Airlines’ Long Covid

Edward Russell and Madhu Unnikrishnan
January 2022
12 min read

Staffing Problems May Linger After the Pandemic Recedes

Pushing Back: Inside The Issue

Airlines around the world are looking past the pandemic to a future in which Covid-19 may be endemic. But just as with some people who contract the disease, the effects of Covid may last longer than the initial shock. One way that is coming into focus is in staffing. In the U.S. pilot shortages are becoming acute for the regional carriers. Elsewhere, tight labor markets and the “Great Resignation” — or people quitting jobs or unwilling to go back into the workforce — are complicating airlines’ and aerospace companies’ ability to hire. In response, airlines are trimming schedules and cutting flights, and the airframers’ suppliers are struggling to find workers, calling into question Airbus’s ambitious production targets. The Omicron variant has done nothing to help matters.

By the time you read this and if you’re based in the U.S., you could either have super-fast mobile Internet access and snarled flights, or you could have slower mobile Internet and on-time flights. It’s very unlikely that you’ll have both. The wireless industry and its regulator, and the aviation sector and its regulator are engaged in pitched battle over the roll out of 5G wireless networks. A two-week delay to allow the Federal Aviation Administration time to identify airports where 5G might interfere with radio altimeters yielded news no one wanted. FAA issued 1,500 notices on approaches that could be impaired, affecting 90 airports, or all of the major airline markets in the country. We’ll know by January 19 which of the two scenarios above will play out.

Meanwhile, Airbus had a banner year of deliveries (for the pandemic, that is), delivering almost double the number of aircraft Boeing did. And speaking of Boeing, it risks losing market share unless it can design and build an aircraft for the middle of the market, which the Airbus A321 currently is walking away with.

Almost lost in all this was that fourth-quarter and full-year earnings season started, kicked off last week by Delta Air Lines. The carrier lost more than $400 million in the quarter, a result it didn’t want to see but one that can be blamed on Omicron, bad weather, and a terrible holiday season for all airlines. The earnings fun continues next week. Stay tuned.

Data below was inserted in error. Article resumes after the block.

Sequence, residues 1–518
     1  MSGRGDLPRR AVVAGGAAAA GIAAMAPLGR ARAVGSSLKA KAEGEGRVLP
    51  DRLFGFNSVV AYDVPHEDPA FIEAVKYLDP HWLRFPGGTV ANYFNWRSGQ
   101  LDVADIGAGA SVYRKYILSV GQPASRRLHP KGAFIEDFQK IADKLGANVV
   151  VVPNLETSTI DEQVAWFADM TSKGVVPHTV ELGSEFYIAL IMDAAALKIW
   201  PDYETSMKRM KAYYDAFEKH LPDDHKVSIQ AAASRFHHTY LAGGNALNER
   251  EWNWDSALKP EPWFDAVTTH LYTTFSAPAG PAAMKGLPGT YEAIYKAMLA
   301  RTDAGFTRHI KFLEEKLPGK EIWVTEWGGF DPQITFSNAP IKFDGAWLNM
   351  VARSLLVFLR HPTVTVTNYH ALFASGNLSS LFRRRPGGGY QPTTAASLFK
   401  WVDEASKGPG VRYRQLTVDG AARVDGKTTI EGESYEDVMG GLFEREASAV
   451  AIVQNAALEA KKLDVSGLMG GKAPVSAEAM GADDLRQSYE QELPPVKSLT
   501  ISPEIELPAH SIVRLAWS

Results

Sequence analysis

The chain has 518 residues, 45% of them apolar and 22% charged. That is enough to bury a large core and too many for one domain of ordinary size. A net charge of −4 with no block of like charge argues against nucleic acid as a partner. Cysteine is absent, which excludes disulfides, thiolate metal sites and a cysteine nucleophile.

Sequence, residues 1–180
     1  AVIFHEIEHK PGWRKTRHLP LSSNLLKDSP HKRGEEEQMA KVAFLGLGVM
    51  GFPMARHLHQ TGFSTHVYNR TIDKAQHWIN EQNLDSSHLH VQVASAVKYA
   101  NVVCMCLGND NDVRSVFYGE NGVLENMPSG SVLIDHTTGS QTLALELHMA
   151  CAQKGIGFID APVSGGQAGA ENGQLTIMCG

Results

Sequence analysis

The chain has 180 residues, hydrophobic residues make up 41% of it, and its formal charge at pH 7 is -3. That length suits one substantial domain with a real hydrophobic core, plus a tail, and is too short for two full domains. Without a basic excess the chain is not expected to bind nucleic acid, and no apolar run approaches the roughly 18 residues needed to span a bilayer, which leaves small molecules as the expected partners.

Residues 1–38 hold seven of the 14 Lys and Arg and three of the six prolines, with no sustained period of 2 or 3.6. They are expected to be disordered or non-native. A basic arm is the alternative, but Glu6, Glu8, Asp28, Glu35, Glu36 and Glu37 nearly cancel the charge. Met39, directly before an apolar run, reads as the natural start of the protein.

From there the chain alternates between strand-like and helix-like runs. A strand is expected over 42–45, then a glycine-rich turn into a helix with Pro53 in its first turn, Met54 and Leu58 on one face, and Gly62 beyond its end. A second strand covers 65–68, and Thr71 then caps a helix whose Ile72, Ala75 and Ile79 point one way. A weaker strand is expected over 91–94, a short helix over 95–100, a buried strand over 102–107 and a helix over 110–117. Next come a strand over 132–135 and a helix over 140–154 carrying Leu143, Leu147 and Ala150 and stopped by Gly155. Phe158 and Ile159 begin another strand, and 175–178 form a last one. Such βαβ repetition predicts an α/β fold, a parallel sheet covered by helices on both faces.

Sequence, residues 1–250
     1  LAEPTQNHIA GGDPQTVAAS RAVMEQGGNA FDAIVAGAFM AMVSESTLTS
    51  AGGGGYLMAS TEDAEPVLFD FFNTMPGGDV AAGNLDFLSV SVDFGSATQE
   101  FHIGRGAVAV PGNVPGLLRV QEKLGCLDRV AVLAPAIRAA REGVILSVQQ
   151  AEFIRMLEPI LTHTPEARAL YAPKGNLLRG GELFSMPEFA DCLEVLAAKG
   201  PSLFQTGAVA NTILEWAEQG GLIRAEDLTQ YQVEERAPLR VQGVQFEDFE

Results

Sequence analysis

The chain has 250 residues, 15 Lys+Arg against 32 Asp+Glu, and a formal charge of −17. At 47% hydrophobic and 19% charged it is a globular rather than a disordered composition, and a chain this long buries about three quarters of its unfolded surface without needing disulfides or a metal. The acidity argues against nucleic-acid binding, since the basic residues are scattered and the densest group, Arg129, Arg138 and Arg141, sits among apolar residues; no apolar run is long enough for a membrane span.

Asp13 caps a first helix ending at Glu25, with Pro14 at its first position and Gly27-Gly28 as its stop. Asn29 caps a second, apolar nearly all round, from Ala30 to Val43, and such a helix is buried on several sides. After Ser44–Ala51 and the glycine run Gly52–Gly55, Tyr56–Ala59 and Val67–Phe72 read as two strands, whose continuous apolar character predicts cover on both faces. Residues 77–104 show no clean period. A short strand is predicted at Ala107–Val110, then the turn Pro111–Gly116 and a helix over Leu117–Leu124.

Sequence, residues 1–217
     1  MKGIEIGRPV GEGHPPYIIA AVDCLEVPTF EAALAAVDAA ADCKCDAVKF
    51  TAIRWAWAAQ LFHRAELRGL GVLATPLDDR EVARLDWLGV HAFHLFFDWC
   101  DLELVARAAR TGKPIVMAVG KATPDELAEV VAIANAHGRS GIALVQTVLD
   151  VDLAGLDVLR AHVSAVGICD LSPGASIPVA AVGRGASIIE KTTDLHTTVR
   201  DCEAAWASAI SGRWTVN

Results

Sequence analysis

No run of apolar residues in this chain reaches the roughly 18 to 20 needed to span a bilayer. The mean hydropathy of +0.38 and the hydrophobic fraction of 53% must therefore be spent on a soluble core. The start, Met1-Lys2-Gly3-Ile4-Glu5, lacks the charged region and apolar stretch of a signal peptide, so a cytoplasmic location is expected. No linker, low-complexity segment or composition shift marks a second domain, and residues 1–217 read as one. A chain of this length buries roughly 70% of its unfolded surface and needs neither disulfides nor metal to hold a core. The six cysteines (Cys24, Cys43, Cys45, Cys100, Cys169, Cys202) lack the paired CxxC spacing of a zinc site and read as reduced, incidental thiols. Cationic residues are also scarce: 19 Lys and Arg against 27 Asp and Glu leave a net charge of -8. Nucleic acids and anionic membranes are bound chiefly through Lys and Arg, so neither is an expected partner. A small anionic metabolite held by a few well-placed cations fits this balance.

The Airline Weekly Lounge Podcast

Airbus and Boeing have split the commercial aircraft market for a while, but analysts say Boeing could become the junior partner if it doesn’t come up with something for the middle of the market. Hosts Madhu Unnikrishnan and Edward “Ned” Russell chew on Boeing’s options and discuss Airbus’s rather good 2021. Listen to the episode. The ‘Lounge’s full archive is here.

Weekly Skies

Delta Air Lines is the latest to cull schedules as a result of the pilot shortage facing the regional industry in the U.S. The Atlanta-based carrier has cut regional flights by as much as a quarter from previous plans through the first half of 2022 due to the staffing challenges at Delta Connection operators, Delta President Glen Hauenstein said last week.

The airline’s affiliates have been forced to pull out of several markets and temporarily park an undisclosed number of aircraft due to the staffing issues, Hauenstein said during Delta’s fourth-quarter earnings call. Its mainline operation does not face a lack of pilots — and is hiring between 100 to 200 new pilots a month — beyond the disruptions caused by the elevated number of employees out sick as a results of the Omicron variant surge, something that executives expect to subside within days.

“We’re really pretty confident now that by the second half of this year, that the [pilot] pipelines will be more full, and we’ll be able to restore a lot of the small- and medium-sized communities that we’ve had to pull down during the shortage in the first half,” said Hauenstein with a note of optimism — one that has yet to be shared by many of Delta’s competitors.

American Airlines and United Airlines face similar staffing issues at their regional affiliates. The latter has exited more than eight smaller markets, as well as cut 14 routes from its Washington Dulles hub to make up for the shortage in pilots. In November, United CEO Scott Kirby said the carrier had parked more than 100 small jets as a result. However, neither American CEO Doug Parker nor Kirby have publicly said when they think the pilot shortage will subside.

Many of the small airports where United has cut flights have said that the airline informed them of intentions to resume service within a year, or in 2023. That timeline suggests at least six more months of regional pilot staffing woes than Hauenstein said Delta forecasts.

Asked how Delta is mitigating the problem, Hauenstein said it is a matter of hiring people and getting them “through the training … with the right number of hours.” And Delta CEO Ed Bastian added that the airline is working closely with its affiliates, particularly wholly-owned Endeavor Air, to “mitigate” the disruption from the crew shortage.